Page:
DV – do you have an Excel sheet of your study so we could compare?

  9. toptick permalink
    September 18, 2009 10:39 am


    I understood the IV-HV ranks were taken over the trailing 250 days.

    Taking a different approach, I got results similar enough to support the thesis. I looked at it with finer granularity, and found that the positive returns to mean reversion are bimodal: the highest IV-HV ranks provided the best MR returns, but the lowest worked pretty well, too. It was the middle ranks that faired poorly. Dividing IV-HV into quartiles, for 1998-2009, I got cumulative arithmetic returns of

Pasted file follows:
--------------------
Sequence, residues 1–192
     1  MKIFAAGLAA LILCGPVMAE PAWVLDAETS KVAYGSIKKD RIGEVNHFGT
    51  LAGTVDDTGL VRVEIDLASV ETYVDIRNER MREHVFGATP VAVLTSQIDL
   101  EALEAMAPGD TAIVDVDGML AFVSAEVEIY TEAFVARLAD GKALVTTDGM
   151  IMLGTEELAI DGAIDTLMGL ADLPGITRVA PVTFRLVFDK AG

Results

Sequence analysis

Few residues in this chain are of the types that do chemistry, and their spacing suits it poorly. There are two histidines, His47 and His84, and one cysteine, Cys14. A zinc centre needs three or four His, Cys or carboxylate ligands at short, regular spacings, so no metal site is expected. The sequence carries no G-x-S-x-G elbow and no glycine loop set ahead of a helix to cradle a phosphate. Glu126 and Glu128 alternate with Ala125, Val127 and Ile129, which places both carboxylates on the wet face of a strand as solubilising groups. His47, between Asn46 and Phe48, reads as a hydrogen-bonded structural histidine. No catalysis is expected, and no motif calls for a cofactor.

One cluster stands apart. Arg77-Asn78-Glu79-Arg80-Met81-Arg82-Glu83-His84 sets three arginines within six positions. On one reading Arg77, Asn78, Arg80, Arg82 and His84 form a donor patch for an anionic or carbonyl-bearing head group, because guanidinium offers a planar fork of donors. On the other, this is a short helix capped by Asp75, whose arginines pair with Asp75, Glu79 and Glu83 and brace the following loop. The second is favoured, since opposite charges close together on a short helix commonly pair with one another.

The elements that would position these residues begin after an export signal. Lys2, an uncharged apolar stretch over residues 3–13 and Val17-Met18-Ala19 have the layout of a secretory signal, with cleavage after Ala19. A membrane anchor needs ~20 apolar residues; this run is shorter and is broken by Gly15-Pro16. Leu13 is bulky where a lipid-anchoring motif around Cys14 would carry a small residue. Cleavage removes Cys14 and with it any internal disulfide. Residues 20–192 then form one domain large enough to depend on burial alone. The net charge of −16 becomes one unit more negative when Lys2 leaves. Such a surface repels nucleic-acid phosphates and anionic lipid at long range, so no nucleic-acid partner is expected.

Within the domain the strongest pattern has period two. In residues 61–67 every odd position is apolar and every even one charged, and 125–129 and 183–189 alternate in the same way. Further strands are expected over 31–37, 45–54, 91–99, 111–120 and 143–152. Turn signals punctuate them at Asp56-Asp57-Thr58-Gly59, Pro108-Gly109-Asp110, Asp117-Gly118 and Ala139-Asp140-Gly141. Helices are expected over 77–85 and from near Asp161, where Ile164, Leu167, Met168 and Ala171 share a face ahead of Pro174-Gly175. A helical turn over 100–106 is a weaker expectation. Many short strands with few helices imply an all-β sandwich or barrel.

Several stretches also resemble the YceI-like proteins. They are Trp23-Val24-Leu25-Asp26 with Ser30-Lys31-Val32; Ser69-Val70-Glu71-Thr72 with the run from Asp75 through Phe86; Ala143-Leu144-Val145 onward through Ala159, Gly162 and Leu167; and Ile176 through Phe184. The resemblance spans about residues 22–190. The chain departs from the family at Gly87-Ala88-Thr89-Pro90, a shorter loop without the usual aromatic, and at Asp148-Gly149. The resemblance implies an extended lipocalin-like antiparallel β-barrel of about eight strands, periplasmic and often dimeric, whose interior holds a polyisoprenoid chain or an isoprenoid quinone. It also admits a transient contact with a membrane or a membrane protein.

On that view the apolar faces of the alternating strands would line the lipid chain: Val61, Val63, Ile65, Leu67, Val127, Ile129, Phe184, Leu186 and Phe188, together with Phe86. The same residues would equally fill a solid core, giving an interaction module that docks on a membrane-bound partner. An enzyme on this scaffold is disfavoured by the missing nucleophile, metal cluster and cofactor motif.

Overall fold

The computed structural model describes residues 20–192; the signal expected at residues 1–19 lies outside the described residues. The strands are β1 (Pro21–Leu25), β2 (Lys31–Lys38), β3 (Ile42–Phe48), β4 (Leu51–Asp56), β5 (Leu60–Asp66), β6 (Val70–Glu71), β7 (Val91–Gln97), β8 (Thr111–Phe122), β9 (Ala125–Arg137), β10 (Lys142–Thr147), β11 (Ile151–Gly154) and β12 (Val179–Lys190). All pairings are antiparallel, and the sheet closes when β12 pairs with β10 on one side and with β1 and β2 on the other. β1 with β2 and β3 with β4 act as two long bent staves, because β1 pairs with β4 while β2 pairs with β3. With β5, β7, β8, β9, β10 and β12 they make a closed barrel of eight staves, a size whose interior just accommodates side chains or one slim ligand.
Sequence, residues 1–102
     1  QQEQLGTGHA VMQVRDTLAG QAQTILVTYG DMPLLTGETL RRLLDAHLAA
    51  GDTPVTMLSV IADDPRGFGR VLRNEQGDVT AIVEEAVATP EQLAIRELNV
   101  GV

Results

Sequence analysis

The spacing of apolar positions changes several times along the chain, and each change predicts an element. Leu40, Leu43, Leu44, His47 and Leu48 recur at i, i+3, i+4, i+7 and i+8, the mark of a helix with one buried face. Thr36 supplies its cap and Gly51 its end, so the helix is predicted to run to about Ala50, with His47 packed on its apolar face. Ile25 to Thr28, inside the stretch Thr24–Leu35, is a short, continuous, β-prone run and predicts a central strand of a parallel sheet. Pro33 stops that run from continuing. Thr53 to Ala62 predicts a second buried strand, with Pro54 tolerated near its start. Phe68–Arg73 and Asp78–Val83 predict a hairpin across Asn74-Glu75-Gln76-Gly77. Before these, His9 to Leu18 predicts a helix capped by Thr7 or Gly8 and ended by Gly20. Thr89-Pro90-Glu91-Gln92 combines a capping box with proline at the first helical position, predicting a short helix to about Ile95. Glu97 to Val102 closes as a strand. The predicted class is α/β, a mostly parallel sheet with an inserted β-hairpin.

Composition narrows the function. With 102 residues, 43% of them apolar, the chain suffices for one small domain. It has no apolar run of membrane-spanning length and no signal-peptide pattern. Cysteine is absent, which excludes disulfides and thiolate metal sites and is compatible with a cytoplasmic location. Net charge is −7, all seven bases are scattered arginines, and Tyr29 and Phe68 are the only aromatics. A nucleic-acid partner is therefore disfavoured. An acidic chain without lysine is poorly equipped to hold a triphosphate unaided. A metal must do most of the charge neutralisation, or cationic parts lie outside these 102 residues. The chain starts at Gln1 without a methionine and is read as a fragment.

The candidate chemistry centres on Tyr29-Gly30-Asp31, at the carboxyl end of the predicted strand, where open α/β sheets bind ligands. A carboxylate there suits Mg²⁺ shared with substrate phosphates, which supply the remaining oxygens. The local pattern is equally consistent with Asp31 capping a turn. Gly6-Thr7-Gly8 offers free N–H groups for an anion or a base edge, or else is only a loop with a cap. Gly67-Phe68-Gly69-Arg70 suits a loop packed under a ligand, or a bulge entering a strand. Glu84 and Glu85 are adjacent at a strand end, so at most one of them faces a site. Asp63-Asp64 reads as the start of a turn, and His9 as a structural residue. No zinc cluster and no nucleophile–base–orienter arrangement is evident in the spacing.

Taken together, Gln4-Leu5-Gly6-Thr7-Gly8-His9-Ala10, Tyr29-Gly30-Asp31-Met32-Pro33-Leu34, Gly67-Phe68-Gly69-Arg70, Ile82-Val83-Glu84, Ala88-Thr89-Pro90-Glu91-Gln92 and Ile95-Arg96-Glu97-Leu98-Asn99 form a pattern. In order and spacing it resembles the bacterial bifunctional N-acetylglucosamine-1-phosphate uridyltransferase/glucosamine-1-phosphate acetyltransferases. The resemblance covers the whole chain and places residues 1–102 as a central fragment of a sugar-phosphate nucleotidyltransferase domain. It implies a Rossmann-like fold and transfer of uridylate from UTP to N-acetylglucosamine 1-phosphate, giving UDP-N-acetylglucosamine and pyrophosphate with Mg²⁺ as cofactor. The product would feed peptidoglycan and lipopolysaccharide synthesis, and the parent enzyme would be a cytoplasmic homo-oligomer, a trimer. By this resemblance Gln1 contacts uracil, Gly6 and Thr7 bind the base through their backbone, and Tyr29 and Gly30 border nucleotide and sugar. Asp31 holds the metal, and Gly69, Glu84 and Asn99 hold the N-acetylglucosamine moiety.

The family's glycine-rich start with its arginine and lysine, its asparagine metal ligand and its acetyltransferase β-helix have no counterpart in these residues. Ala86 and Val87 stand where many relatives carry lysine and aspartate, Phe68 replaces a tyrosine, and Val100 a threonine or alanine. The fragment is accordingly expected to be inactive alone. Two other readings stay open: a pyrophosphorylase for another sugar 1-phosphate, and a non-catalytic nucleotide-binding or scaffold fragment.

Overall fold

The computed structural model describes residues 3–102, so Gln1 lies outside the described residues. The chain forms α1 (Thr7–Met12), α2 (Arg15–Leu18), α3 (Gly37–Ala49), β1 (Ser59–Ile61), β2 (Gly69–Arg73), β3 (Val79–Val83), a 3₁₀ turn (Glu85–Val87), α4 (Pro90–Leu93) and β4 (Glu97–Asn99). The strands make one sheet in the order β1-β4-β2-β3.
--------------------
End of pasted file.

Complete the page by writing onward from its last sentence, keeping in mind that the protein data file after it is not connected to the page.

1     54
    2    -55
    3     28
    4    114

    The 4th quartile returns are consistent through the test period (R^2 93), but not so much before.

  10. March 16, 2014 10:24 pm

    Thanks , I’ve just been searching for information about this
    subject for ages and yours is the best I’ve came
    upon so far. However, what concerning the conclusion?
    Are you positive concerning the supply?